Event features Lin Great Speakers Series keynote guest on entrepreneurship
The St. Mary’s University Greehey School of Business will host a series of talks and conversations related to social justice, economic equity and the role of business in leading change during its Conference on Justice and Social Concerns on Wednesday, Feb. 27, and Thursday, Feb. 28.
Among the highlights will be the Lin Great Speakers Series at 7 p.m., Thursday, Feb. 28, featuring Alicia Robb, Ph.D. (B.A. ’91). Robb is the founder and CEO of Next Wave Impact and a managing partner of two early-stage venture funds. Her talk, titled, “An Inclusive Entrepreneurial Ecosystem,” will take place in Conference Room A of the University Center. All portions of the conference are free and open to the public.
Additionally, plenary sessions will focus on:
- “Purpose + Profit” with Shannon Schuyler, PwC principal, chief purpose officer and corporate responsibility leader
- “Beyond Compliance: Creating a Culture of Commitment to Justice and Leading by Example,” with Steve Prosser, Starbucks Coffee Company’s managing director of business ethics and compliance; and Jacqueline E. Brevard, senior adviser at GEC Risk Advisory LLC
- “Sustainable Economic Development, Poverty Alleviation, and the Role of Business Schools in Creating a Better World” with Courtney Klein, SEED SPOT co-founder and CEO
- “Balancing Cyber Security Needs with Protection of Human Privacy: A Balancing Act?” with Robert Butler, AECOM senior vice president of critical infrastructure protection operations; and Angela Walch, J.D., St. Mary’s University School of Law Associate Professor
“Questions surrounding social justice and economic equity encompass the notion of justice as it relates to distribution of wealth, opportunities and privileges within a society,” said Tanuja Singh, D.B.A., Dean of the Greehey School of Business. “The Greehey School of Business is honored to host this year’s Conference on Justice and Social Concerns within the context of current business practices and the obligation of businesses to help create a more just and equitable world.”
The United Nations reports that global poverty rates have been cut by more than half since 2000. However, there are many factors that impact wealth distribution, and one in 10 people in developing regions still live on less than $1.90 a day.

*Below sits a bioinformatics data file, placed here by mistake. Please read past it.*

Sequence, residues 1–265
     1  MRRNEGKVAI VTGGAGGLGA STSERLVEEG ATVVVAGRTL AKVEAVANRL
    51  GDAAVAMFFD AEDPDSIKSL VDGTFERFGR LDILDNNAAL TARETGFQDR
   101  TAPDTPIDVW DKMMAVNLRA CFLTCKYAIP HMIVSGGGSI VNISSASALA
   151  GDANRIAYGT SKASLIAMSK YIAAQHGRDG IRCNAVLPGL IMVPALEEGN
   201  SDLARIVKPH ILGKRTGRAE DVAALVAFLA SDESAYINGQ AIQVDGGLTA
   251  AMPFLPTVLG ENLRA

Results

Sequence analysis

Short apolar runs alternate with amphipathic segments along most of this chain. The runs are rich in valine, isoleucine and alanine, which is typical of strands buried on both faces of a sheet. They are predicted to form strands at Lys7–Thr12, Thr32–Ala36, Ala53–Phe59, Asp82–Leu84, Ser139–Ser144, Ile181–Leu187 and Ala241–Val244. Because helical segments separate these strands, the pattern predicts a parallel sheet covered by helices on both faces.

Wednesday, Feb. 27
9:20 a.m.: Invocation
9:25 a.m.: Purpose + Profit
10:20 a.m.: From Career to Calling: The Vocation of the Business Leader
1:45 p.m.: Beyond Compliance: Creating a Culture of Commitment to Justice and Leading by Example
Thursday, Feb. 28
9:45 a.m.: Sustainable Economic Development, Poverty Alleviation, and the Role of Business Schools in Creating a Better World
11:10 a.m.: Balancing Cyber Security Needs with Protection of Human Privacy: A Balancing Act?
2 p.m.: Student Panel: Economic Equity and Diversity
7 p.m.: Lin Great Speakers Series Keynote: “An Inclusive Entrepreneurial Ecosystem,” – featuring Alicia Robb, founder and CEO of Next Wave Impact
For a complete schedule, visit www.stmarytx.edu/conference.
More about the Conference on Justice and Social Concerns
The annual Conference provides the St. Mary’s University campus community with the opportunity to engage with issues of social justice, faith, and personal and communal responsibility for the common good.
The Conference follows the direction set out from the Second Vatican Council to read, interpret and respond to the signs of the times (Gaudium et Spes, 4). The two-day event is hosted each year by one of the University’s schools and brings together experts from both academic and practical realms to lead the campus in dialogue around issues challenging our community locally and globally. The Conference will always include a keynote lecture supported by the Lin Great Speakers Series endowment.
The conference is meant to invoke dialogue and even debate, recognizing the value of critical thinking and healthy tension. It provides an opportunity for all to encounter new perspectives and adopt methods for thoughtful critique and questioning. The value of a Catholic, liberal arts education is to learn to engage, to think critically and creatively, to have healthy dialogue, and to do so from a place of compassion and respect, rooted in love for one another and a desire to be agents of positive change in our world.